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New study shows the rising prevalence of fentanyl pills

Research shows how a major shift in the drug supply could be leading to an increasing amount of overdose deaths.
Pills laced with fentanyl
Posted at 6:47 PM, Jul 05, 2024

A new study by NYU Langone, funded by the National Institutes of Health and the National Institute on Drug Abuse, shows how fentanyl has taken over America's illegal drug supply. It has happened fast.

Law enforcement seizure data shows that illicit fentanyl seizures grew more than 1700% in the 6 year span from 2017 to 2023.

Fentanyl pills specifically made up nearly half of fentanyl seizures in 2023, at 49%. Compare that to 10% in 2017.

As much as 85% of these seizures are happening in the western part of the United States.

A lead researcher on the study, Dr. Joseph Palamar, said that though the numbers are staggering, they're not surprising given recent trends.

"A couple of years ago, most fentanyl was in powder form. The way it began was fentanyl started creeping up into the heroin supply …then pills started coming around — particularly in the West, and pills introduced fentanyl in a whole different manner to people," he said.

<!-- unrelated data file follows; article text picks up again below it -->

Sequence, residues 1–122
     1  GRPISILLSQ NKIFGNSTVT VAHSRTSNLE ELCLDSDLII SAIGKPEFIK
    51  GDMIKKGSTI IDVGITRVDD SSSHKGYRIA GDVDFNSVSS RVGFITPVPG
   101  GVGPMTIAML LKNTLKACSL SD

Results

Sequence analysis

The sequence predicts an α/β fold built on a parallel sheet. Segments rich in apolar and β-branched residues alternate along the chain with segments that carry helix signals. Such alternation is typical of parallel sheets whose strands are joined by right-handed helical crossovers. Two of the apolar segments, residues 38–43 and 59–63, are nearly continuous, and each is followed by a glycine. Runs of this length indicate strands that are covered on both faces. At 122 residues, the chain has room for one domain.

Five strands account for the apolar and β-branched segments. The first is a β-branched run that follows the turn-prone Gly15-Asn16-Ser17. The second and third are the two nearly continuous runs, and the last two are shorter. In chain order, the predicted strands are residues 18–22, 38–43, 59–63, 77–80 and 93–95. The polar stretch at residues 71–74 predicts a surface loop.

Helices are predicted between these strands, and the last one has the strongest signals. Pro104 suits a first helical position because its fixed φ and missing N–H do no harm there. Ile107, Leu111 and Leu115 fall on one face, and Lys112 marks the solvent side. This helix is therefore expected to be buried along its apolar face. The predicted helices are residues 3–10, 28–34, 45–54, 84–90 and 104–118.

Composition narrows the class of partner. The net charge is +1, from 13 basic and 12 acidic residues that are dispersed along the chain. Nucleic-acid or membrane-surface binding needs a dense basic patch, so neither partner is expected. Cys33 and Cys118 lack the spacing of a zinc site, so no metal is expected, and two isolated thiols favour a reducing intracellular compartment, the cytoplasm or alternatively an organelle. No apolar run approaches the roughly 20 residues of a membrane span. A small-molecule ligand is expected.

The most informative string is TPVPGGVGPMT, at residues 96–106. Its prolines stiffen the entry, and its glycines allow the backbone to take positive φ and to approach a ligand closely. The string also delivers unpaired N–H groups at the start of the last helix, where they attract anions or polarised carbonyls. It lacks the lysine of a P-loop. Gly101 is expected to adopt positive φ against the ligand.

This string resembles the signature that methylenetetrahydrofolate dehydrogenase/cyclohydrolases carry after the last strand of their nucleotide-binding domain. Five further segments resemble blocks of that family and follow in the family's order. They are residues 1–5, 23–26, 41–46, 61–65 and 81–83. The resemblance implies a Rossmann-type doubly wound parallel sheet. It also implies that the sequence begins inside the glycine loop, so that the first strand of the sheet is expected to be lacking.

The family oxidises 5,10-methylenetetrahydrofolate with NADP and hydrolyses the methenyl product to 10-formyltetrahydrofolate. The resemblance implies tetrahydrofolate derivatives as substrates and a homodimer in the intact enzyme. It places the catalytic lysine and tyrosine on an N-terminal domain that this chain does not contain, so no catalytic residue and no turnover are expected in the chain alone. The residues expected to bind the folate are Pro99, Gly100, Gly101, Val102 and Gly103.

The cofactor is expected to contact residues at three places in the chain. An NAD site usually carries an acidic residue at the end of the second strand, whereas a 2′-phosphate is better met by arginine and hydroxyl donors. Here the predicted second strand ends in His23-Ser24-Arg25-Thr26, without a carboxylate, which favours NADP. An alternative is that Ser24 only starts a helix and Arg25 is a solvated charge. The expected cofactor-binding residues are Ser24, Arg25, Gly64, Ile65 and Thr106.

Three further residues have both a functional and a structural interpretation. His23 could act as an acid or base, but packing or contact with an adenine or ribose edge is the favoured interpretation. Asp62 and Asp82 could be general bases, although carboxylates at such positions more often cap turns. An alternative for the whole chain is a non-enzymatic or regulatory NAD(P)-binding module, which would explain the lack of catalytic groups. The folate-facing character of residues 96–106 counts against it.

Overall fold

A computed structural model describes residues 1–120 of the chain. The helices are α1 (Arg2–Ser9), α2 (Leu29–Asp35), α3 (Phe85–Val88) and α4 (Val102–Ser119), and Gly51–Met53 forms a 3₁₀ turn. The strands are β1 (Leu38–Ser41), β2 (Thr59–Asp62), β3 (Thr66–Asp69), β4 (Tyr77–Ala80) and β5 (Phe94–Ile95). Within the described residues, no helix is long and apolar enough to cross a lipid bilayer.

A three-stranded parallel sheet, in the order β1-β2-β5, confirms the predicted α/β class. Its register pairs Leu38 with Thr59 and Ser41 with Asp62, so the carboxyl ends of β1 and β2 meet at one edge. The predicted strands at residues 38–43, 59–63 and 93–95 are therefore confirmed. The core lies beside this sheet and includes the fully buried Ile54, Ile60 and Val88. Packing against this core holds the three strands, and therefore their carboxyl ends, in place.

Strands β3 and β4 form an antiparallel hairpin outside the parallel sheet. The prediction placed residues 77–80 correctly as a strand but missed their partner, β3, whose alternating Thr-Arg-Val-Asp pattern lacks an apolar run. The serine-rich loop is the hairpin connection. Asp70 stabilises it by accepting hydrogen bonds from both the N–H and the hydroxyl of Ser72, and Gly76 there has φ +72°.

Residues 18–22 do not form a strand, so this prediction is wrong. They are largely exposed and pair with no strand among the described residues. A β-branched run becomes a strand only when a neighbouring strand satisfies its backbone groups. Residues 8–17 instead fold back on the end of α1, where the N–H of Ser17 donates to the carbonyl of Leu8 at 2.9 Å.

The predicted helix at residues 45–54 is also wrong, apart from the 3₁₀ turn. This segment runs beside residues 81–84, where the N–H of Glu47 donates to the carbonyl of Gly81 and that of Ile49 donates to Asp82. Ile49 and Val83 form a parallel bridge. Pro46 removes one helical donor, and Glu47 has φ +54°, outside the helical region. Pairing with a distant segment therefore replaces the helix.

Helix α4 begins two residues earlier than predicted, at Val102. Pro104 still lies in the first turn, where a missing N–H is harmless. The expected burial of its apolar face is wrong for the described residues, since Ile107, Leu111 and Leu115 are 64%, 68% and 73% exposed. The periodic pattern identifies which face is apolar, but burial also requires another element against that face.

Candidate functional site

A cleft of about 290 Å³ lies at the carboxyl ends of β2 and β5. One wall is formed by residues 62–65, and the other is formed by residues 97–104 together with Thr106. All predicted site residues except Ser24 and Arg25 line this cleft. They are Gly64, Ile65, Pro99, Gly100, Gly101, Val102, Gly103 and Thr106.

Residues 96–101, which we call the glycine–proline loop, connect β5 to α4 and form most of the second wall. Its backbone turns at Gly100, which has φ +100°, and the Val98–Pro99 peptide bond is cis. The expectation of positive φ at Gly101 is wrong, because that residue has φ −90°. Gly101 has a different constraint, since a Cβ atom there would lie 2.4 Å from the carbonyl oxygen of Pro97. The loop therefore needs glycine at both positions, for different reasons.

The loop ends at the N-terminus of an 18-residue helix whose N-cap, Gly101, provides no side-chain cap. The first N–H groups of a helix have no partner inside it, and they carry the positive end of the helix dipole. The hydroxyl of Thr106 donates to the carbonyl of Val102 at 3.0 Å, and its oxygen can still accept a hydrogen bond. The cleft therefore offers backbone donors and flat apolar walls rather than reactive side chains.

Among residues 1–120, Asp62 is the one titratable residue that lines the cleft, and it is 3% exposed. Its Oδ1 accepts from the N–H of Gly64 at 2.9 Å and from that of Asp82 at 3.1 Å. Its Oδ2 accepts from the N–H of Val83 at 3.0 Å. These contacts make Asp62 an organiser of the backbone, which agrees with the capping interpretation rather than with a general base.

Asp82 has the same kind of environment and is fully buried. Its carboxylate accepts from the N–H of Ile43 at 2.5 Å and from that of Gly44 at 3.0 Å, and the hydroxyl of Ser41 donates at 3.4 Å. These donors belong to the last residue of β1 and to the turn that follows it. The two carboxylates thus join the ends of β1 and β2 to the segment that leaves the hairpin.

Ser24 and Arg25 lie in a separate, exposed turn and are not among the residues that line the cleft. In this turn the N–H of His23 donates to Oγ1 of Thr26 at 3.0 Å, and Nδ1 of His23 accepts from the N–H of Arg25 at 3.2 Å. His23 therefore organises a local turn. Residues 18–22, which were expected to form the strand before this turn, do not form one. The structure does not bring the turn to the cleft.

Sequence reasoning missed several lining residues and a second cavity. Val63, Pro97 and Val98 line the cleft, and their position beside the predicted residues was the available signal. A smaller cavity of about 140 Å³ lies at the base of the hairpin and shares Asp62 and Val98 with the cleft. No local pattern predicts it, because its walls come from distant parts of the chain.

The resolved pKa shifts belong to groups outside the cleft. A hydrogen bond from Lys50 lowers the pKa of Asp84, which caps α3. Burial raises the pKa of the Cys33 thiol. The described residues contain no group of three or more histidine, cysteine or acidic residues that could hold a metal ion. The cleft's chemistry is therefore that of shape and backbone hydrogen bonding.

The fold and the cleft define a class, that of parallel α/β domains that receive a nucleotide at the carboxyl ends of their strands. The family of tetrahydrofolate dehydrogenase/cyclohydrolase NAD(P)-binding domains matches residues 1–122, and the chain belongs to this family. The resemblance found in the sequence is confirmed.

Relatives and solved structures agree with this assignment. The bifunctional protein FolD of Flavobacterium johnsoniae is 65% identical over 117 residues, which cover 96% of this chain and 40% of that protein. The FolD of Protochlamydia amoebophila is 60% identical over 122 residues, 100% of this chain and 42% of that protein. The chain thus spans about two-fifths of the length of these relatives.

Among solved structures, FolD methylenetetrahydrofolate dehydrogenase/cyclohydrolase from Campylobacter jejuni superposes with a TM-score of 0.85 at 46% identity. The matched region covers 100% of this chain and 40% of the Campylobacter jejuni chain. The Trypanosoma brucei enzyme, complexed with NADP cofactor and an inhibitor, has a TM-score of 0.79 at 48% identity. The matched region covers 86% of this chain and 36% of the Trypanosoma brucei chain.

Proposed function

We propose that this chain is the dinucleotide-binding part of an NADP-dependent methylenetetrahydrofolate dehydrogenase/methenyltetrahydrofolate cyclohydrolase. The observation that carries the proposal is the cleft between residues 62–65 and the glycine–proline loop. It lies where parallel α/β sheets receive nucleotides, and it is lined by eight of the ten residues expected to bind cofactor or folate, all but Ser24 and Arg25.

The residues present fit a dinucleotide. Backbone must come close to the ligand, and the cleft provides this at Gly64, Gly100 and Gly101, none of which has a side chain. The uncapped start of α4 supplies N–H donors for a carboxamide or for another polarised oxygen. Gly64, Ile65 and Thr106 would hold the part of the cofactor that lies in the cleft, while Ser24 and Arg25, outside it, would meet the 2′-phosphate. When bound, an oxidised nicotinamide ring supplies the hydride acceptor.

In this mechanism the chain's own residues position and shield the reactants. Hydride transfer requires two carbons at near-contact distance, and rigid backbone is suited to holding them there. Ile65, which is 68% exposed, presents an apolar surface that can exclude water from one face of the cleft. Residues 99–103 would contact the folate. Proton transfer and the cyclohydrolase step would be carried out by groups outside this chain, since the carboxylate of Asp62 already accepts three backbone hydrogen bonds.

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Palamar says fentanyl in pill-form changes the game, so to speak, in terms of who is now able to obtain it.
Pills are easier to take or to smoke, so there's no need to figure out how to use a needle. Also, because many fentanyl pills are meant to look like legitimate pills, it's easier for people who don't necessarily know they're taking fentanyl to find it, ingest it and overdose.

"My fear in particular is that there are young people who are trying to get their hands on pills like Adderall or Oxy or Xanax and if they buy them illegally, they don't know that they could have fentanyl in them — just a few milligrams is enough to kill a teenager," Palamar said.

Rob Sullivan oversees multiple drug detox programs in northwestern Washington state, and has been in the industry for 20 years.

He says he and his colleagues have noticed that it takes longer for someone to detox from fentanyl — prompting requests to insurance companies to extend detox stays. He also says people have a harder time completing detox, and many times people detox without even realizing they've taken fentanyl.

"We see right now, we're about 66% complete. And 44% don't complete. Whereas we used to be higher when it was just regular opioids, because people knew what to expect, meaning clients, and also professionals knew what to expect," Sullivan said.

"Whereas with fentanyl — so different, and so powerful — that it's really, it's a different ballgame than what it was," he said.

Palamar hopes that these findings spark a stronger emphasis on drug use prevention

"We need people to be educated about fentanyl and the associated risks, particularly the people who have not used fentanyl. I worry about people starting fentanyl, and I also worry about people being unintentionally exposed to fentanyl — especially young people."